Asian ministers warn US-China tensions raise risk of war
The growing dispute between the US and China on trade and technology is increasing the risk of military conflict or outright war in Asia, a region that hosts some of the world’s most dangerous geopolitical flashpoints, south-east Asian defence ministers cautioned at a security forum on Sunday.
The warnings at the Shangri-La Dialogue in Singapore, the annual Asian defence summit, came as China at the weekend stepped up its counter-offensive against the US in their trade war, announcing an investigation of delivery group FedEx and a potential blacklist of foreign companies or individuals considered “unreliable”.
“With the untethering of our networks of economic interdependence comes growing risk of confrontation that could lead to war,” Delfin Lorenzana, defence minister of the Philippines, said on Sunday at the Shangri-La Dialogue, the annual security conference in Singapore. “Our greatest fear, therefore, is the possibility of sleepwalking into another international conflict like world war one.”
Ng Eng Hen, Singapore’s defence minister, echoed concerns that the heightened divisions could erupt into war. “I don’t think that scenario is so minuscule that it won't happen,” he said.
“When [the] US imposed restrictions on the sale of parts by US companies to Huawei, they subsequently found out that there were many, many companies in the US that were affected,” he told the Financial Times. “To us, that interdependency is not only good economically but good for security. Because if we’re so economically interdependent, then the price of conflict is very high.”
China hawks in the administration of US president Donald Trump are increasingly pushing for a full “decoupling” of the country’s technology supply chain from China, last month placing telecoms equipment maker Huawei on a blacklist restricting it from doing business with US companies.
Asia is riddled with unresolved geopolitical disputes ranging from Beijing’s claims on Taiwan and the stand-off between North Korea and South Korea, which remain technically at war, to the South China Sea, where China has built up a number of reefs and shoals in international waters into artificial islands and has installed missiles.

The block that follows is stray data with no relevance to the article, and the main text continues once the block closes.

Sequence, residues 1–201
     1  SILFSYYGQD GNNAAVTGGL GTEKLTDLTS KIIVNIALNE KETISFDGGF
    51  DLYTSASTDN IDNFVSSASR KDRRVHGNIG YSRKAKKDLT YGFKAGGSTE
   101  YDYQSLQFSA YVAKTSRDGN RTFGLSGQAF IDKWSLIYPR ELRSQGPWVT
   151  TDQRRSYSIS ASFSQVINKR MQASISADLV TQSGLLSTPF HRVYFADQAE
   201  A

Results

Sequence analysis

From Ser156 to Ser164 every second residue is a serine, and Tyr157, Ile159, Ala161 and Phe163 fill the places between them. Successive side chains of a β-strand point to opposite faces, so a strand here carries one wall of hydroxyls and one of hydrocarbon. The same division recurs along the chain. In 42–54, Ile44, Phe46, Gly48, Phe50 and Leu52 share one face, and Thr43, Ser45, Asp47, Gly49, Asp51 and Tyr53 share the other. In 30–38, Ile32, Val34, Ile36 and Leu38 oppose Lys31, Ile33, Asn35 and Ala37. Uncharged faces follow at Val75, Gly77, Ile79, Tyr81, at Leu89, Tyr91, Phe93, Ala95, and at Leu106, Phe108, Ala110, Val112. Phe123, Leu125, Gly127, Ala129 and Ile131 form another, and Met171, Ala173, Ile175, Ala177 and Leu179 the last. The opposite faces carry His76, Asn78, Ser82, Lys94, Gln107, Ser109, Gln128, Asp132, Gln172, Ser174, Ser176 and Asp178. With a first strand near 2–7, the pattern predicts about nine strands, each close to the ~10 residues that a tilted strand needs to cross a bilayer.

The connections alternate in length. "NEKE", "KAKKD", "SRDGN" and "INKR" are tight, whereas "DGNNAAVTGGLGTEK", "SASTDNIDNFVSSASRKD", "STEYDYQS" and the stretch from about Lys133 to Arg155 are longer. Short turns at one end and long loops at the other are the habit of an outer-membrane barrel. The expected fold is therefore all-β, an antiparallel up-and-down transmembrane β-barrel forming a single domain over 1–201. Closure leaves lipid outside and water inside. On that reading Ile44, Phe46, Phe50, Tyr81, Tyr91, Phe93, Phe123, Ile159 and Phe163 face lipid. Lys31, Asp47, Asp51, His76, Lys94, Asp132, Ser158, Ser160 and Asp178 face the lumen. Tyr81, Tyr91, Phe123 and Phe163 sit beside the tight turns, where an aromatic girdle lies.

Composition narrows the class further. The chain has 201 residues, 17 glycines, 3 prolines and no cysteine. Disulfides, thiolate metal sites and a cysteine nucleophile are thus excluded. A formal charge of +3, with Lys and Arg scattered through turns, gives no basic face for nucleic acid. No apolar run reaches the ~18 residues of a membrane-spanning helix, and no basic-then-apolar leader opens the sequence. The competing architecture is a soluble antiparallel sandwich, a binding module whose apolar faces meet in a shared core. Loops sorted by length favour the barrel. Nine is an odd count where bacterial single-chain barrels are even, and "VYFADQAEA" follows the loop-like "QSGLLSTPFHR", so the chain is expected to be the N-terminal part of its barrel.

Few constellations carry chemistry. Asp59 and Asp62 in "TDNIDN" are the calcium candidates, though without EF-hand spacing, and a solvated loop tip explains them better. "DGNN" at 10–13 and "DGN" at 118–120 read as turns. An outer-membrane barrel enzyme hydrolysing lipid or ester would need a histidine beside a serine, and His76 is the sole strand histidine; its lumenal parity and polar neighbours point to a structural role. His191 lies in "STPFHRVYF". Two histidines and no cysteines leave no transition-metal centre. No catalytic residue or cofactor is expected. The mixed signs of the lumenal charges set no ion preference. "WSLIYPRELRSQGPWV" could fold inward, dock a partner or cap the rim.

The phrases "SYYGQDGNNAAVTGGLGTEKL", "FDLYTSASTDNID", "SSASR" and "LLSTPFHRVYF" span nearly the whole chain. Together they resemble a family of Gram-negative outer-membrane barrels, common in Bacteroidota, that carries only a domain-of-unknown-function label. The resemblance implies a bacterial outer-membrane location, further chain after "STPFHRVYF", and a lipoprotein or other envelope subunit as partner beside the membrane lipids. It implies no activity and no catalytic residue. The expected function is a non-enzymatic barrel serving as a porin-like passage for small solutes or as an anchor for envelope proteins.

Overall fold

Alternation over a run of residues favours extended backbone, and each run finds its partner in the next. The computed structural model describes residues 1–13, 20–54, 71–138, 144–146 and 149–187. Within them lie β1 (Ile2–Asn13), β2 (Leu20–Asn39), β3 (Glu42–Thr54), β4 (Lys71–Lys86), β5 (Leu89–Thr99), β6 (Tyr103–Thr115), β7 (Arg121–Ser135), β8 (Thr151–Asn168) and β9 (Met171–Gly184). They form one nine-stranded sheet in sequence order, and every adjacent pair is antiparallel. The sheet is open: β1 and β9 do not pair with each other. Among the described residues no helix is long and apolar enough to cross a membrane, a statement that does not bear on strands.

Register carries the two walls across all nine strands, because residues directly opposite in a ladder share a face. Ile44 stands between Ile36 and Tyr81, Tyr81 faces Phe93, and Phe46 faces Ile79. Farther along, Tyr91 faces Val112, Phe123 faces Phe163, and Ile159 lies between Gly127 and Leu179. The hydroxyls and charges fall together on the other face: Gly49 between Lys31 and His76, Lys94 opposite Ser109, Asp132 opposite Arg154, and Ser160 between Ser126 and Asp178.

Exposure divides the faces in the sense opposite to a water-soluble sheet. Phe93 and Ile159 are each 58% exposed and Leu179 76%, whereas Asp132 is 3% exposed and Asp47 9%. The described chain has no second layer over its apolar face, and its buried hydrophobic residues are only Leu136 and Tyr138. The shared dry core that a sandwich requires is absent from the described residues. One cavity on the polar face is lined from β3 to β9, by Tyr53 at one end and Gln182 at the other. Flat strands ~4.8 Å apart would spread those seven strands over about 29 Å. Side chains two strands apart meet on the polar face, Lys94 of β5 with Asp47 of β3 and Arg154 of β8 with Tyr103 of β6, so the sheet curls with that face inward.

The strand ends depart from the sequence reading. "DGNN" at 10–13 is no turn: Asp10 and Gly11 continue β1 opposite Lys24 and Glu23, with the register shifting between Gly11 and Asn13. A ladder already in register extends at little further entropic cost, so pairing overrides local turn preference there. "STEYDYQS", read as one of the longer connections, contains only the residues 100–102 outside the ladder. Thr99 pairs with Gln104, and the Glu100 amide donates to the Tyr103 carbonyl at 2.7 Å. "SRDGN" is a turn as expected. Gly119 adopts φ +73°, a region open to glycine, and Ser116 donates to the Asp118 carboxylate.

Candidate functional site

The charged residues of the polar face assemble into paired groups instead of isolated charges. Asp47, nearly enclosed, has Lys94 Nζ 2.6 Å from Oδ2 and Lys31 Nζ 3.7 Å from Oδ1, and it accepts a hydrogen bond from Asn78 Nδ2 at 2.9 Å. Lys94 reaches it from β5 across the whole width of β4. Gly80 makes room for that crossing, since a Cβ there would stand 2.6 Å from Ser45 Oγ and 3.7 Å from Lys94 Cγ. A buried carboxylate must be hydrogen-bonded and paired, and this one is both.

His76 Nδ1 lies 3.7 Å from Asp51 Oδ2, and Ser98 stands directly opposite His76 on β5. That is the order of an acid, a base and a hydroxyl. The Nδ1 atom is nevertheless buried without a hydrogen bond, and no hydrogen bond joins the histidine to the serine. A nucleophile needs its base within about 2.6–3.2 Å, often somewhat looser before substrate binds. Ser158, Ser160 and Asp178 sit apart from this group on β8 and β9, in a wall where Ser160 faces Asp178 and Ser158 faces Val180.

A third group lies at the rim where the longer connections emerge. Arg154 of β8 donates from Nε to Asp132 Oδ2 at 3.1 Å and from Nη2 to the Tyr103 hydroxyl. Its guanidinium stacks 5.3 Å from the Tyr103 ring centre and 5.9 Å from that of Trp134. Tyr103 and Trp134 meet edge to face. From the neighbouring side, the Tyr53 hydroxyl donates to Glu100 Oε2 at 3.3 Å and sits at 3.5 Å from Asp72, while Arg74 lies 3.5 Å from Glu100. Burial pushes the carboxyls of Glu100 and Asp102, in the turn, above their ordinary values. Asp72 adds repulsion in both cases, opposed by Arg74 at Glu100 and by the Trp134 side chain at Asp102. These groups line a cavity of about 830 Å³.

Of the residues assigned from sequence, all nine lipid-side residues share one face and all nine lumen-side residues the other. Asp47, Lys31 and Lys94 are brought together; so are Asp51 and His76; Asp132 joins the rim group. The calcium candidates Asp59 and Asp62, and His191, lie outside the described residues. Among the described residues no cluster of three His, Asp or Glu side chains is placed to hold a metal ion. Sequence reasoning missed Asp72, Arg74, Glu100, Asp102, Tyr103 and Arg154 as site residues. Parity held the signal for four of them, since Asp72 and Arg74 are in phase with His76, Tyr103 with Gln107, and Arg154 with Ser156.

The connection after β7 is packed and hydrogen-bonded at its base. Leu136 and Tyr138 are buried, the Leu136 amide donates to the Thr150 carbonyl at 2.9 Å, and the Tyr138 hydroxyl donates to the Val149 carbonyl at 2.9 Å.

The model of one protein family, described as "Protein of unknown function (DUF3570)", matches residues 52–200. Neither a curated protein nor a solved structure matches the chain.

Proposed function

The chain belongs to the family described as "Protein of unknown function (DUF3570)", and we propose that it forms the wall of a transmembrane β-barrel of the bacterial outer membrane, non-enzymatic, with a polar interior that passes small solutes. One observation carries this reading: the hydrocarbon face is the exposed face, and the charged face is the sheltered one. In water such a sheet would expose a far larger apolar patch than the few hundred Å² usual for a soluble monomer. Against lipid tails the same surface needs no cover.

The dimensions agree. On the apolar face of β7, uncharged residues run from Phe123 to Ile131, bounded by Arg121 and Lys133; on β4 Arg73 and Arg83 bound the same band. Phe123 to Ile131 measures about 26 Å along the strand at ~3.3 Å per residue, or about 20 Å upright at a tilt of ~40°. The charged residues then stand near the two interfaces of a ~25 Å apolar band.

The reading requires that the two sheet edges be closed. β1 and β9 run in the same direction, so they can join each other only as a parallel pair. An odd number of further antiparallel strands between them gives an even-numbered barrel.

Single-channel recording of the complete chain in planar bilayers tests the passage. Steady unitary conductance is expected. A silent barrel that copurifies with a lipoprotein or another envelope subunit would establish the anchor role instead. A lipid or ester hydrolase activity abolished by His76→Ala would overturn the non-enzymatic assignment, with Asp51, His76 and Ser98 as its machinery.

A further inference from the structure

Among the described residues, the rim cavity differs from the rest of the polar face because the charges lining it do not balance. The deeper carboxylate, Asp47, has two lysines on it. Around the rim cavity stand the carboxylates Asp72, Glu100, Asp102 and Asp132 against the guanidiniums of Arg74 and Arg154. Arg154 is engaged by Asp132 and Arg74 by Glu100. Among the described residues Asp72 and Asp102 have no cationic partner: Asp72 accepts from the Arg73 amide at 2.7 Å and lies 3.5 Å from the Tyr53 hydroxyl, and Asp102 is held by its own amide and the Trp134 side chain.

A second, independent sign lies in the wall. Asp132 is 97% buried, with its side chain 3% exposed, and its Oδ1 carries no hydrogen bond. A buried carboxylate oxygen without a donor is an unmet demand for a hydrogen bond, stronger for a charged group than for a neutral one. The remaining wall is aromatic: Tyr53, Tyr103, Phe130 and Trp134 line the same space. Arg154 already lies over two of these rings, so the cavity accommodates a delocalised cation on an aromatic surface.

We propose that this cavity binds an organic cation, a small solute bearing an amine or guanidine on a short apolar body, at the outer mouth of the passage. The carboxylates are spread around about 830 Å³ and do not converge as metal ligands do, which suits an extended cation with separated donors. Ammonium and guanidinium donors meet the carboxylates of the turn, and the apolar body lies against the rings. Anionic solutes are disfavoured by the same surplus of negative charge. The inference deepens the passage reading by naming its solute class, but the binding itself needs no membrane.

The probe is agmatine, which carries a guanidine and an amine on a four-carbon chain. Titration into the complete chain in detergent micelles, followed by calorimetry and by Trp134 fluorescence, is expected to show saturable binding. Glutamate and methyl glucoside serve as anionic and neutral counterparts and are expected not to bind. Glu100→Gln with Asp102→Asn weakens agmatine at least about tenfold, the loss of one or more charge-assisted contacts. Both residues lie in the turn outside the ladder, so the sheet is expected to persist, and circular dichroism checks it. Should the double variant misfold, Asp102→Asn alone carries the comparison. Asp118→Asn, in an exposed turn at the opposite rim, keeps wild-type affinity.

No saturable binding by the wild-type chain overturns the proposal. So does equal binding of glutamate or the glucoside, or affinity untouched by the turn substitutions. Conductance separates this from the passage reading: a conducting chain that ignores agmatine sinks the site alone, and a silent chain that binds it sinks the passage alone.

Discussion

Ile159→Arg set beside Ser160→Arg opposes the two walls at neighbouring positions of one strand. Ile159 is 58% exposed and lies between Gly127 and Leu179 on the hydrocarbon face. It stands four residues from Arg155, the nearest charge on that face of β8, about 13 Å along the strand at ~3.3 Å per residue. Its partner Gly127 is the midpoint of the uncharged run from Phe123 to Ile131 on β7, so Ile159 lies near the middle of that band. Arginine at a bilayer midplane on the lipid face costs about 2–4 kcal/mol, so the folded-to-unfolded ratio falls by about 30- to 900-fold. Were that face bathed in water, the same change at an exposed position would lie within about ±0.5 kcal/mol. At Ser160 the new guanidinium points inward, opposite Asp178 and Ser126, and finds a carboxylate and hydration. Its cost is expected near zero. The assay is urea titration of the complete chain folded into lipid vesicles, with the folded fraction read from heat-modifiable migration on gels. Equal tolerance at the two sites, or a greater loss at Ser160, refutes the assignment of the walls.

Beijing has also used its coast guard and maritime militia, backed up by navy vessels, to deny Philippine fishing boats access to contested land features in the region traditionally controlled by Manila.
In Singapore, Patrick Shanahan, acting US secretary of defence, described China — without naming it — as “the greatest long-term threat to the vital interests of states across this region”, arguing that Beijing was destabilising Asia with a “toolkit of coercion”. But he also sounded a conciliatory note, saying: “China could still have a co-operative relationship with the United States.”
The attendance of General Wei Fenghe, the first Chinese defence minister to attend the conference since 2011, had raised expectations that Beijing might try to counter anxiety among its neighbours over its rapidly growing naval and air might and its sometimes aggressive use of those capabilities.
But while Gen Wei appealed at the forum for peace, openness and “win-win co-operation” and claimed that China was not threatening anyone, his speech was generally hawkish. “As for the recent trade friction started by the US, if the US wants to talk, we will keep the door open. If they want a fight, we will fight, we will fight till the end,” Gen Wei said.
Gen Wei reiterated China’s longstanding threat of invading Taiwan and refused to acknowledge neighbours’ concerns over the military build-up in the South China Sea.
Several Asian countries, including some US allies such as the Philippines or nations that have more limited security co-operation with the US such as Singapore, have long fretted that the increasingly open rivalry between Washington and Beijing might force them to choose sides. Those fears took on much greater urgency this year.
Mohamad Sabu, Malaysia’s defence minister, said there would be “regional anxiety if smaller nations would be forced to take sides — one that has detrimental implications on economic development and nation-building”.
Kathrin Hille y Stefania Palma